Turkey’s share in the tourism industry continues to rise, while the profile of the typical visitor is changing. Most of the country’s tourists come from Europe, although the number of Arabs coming increases each month

Turkey continues to claim an ever-bigger slice of the tourism pie but the general profile of the visitors coming to the country is changing as it does so.

Tourists from the Balkans, the Middle East, Africa, Asia, the Far East and the Americas are increasing yearly as Turkey becomes a top destination for tourist activities.

Although Turkey has famously begun attracting more Arab tourists since the country began exporting its soap operas to the Middle East, there was also a rise in the number of visitors from the Philippines, Argentina, Brazil, Chile and Norway in the first 11 months of 2011.

Last year’s 11-month tourist figures increased by 10.18 percent to 30.26 million, Anatolia news agency reported, noting that most visitors entered the country through Antalya, Istanbul and Muğla.

Between January and November, German tourists visited Turkey most, typically in search of sun, sea and sand. Between January and November 2010, 4.23 million Germans visited Turkey; in 2011, this figure was 4.67 million.

Russia provided the second-highest number of tourists. While Turkey hosted 2.64 million Russian tourists in 2009, over 3 million came the following year while 3.42 million visited the country in the first 11 months of 2011.

The United Kingdom was third in the numbers, while Iran, Bulgaria, the Netherlands, France, Georgia, Syria and the United States rounded off the top 10.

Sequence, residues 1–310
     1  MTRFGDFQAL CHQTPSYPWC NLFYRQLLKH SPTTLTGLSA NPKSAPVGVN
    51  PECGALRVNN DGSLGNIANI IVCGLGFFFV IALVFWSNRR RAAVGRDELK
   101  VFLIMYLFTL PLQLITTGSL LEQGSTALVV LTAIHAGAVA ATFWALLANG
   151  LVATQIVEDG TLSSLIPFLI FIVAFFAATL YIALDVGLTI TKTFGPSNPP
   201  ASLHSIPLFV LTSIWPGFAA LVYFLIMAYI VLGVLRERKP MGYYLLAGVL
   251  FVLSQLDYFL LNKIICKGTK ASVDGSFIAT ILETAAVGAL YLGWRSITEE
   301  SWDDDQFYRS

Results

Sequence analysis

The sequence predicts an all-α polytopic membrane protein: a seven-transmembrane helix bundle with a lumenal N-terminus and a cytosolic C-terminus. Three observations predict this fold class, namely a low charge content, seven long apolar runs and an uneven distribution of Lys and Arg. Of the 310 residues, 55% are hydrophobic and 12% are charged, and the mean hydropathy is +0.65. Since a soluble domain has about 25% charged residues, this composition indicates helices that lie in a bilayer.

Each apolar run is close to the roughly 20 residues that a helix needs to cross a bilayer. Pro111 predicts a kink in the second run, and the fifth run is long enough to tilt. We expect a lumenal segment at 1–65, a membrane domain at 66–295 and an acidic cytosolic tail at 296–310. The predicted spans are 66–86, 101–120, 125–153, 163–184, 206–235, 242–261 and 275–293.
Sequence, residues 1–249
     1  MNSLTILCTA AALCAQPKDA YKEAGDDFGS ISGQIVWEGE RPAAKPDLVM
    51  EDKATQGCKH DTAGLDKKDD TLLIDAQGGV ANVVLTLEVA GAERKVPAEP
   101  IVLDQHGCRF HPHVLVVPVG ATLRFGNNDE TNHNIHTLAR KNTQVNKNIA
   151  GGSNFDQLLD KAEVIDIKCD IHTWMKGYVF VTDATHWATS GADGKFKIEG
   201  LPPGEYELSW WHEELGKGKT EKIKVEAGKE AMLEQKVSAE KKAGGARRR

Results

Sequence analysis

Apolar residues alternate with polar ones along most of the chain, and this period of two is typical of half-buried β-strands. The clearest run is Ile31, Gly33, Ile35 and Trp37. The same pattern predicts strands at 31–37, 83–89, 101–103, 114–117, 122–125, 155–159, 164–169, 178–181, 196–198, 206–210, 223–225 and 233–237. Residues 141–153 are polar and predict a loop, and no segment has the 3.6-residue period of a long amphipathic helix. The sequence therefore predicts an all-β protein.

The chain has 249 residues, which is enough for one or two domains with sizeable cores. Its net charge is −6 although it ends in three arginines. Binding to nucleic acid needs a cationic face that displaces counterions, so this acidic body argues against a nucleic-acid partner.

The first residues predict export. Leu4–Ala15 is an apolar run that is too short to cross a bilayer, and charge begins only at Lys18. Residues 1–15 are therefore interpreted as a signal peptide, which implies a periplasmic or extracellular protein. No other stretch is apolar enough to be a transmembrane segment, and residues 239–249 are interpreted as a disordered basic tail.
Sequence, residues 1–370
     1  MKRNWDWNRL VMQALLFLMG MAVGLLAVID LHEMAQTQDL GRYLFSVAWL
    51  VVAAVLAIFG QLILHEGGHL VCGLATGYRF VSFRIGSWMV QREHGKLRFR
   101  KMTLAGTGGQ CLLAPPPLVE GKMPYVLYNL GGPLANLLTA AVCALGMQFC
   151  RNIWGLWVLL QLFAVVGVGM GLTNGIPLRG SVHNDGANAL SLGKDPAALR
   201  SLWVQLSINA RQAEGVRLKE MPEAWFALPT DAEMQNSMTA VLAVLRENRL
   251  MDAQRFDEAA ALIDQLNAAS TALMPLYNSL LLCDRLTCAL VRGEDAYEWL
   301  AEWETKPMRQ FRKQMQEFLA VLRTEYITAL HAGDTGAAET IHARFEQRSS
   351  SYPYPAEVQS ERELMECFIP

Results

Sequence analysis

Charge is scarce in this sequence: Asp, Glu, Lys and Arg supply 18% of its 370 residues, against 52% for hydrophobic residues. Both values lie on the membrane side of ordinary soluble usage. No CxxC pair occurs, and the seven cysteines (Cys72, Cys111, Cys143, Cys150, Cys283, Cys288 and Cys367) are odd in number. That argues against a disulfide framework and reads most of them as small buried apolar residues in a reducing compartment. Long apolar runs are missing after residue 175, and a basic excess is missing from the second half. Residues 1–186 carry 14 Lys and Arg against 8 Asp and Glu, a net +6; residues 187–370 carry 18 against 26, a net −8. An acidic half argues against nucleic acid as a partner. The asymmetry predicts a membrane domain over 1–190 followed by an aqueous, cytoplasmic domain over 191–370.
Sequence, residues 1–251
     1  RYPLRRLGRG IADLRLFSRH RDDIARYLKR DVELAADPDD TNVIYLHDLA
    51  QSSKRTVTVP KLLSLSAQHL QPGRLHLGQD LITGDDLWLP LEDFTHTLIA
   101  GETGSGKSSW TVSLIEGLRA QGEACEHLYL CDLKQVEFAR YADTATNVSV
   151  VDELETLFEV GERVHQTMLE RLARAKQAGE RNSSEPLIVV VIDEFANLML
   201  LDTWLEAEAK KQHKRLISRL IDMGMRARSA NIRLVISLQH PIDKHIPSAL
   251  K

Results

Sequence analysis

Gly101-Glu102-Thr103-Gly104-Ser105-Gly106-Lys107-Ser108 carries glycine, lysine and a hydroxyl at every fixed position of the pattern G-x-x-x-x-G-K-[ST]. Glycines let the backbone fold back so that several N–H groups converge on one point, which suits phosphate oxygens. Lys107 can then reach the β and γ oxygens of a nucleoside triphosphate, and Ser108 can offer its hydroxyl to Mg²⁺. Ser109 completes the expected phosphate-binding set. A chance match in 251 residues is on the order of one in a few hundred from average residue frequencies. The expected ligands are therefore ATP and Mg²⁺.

In terms of percentages in November, Germany, Bulgaria and Iran sent the highest number of tourists to Turkey.

Increase from European countries

According to the statistics,


in the first 11 months of 2011, Northern and Central European countries sent greater numbers of tourists to Turkey.

In 2010, there was a 31.25 percent increase in the number of Finnish tourists to Turkey, which was mirrored by a 28.81 percent rise from its neighbor Sweden.

Some 172,329 Czechs came in 2010, although this number increased last year to 220,843.

The increase in health and hot spring tourism also affected the tourist profile and the figure, drawing visitors especially from Norway. Some 294,697 Norwegian tourists visited Turkey for health tourism in 2010, while 371,365 visited in 2011, representing a 26.02 percent increase.

The number of visitors from Slovakia also rose 33.52 percent between 2010 and 2011.

Another significant increase was seen in the tourist figures from Malta, which rose by 75.51 percent in 2011 over the previous year.

In 2010, Turkey also hosted more tourists from the U.S. Some 619,00 0 Americans came in 2010, while 733,193 came last year, good for an 18.45 percent rise.

There was also an increase in the number of Argentinean, Brazilian, Colombian and Chilean tourists visiting in 2011.

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